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Intestinal preservation for transplantation: translational approaches

Doctoral thesis
Authors John M. Söfteland
Date of public defense 2019-12-06
ISBN 978-91-7833-617-3
Publisher Göteborgs universitet
Publication year 2019
Published at Institute of Clinical Sciences, Department of Surgery
Language en
Links hdl.handle.net/2077/60814
Keywords intestinal transplantation, intestinal preservation, apoptosis, tight junction, luminal preservation
Subject categories Surgery

Abstract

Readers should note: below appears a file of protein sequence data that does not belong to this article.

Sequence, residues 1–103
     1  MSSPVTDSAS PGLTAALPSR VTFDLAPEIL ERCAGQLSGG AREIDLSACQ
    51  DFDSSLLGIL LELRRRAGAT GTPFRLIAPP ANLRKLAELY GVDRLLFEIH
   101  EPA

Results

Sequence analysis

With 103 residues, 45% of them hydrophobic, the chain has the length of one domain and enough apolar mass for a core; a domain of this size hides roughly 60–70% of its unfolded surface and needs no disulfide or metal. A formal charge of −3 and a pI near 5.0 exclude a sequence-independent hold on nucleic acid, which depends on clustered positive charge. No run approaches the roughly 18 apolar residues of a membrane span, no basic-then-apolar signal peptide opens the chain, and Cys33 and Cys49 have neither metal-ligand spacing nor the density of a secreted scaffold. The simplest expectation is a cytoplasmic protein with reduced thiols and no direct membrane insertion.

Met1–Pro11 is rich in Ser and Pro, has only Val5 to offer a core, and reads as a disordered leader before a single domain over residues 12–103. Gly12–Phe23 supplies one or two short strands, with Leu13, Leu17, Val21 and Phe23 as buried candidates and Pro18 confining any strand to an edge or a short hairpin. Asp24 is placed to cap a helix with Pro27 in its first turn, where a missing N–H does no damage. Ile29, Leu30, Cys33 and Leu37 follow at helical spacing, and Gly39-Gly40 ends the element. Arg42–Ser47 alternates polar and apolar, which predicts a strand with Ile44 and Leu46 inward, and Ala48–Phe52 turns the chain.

Background: Intestinal preservation injury (IPI) may result in various degrees of mucosal damage, which may later favor bacterial translocation, post-reperfusion syndrome, and upregulation of alloreactivity. Experimental evidence suggests that combining vascular perfusion and cold storage with luminal interventions using polyethylene glycol (PEG) solutions may mitigate the mucosal damage and extend the safe storage time. During the last years, there has been an increasing trend towards using livers and kidneys from older donors for transplantation, yet the field of intestinal transplantation is far more conservative as the impact of age on the preservation injury is unknown. Clinical translation of various experimental models is hampered by interspecies differences, as little is known about how IPI development differs between rodents, pigs, and humans. The current thesis aimed to explore if the size of the PEG molecule or the donor age has an impact on the development of IPI and whether the development of IPI differs between rats, pigs, and humans. It also examines if luminal preservation (LP) with PEG is safe and efficient in delaying the development of IPI in the human intestine. Methods: In Paper I, we used small intestines from rats to study the effect of PEG size on the development of IPI. Paper II compared the development of IPI in rat, porcine, and human intestinal specimens. Paper III assessed the effect of donor age on IPI in a rat model. Paper IV studied the effect of LP with a low-sodium PEG solution on human small intestinal specimens. In all studies, we analyzed injury development using histological and molecular biological approaches. We also used Ussing chamber experiments for intestinal functional assessment in Paper I. Results: The luminal presence of PEG rather than its molecular size appears to reduce and delay the development of IPI when compared with controls undergoing standard cold preservation. Increasing donor age does not appear to accelerate the development of the IPI in rats. LP is effective in all age groups. Pig intestines are more ischemia resistant than human and rat intestines. LP with a low-sodium PEG solution is effective in delaying tissue injury in human specimens and does not cause excess edema. Conclusions: The development of IPI differs significantly between species, with the rat being a sensitive model when studying IPI. LP is effective in protecting against IPI regardless of the size of the PEG molecule or donor age. LP appears to delay the development of IPI in humans without causing tissue edema and could be introduced in clinical practice.

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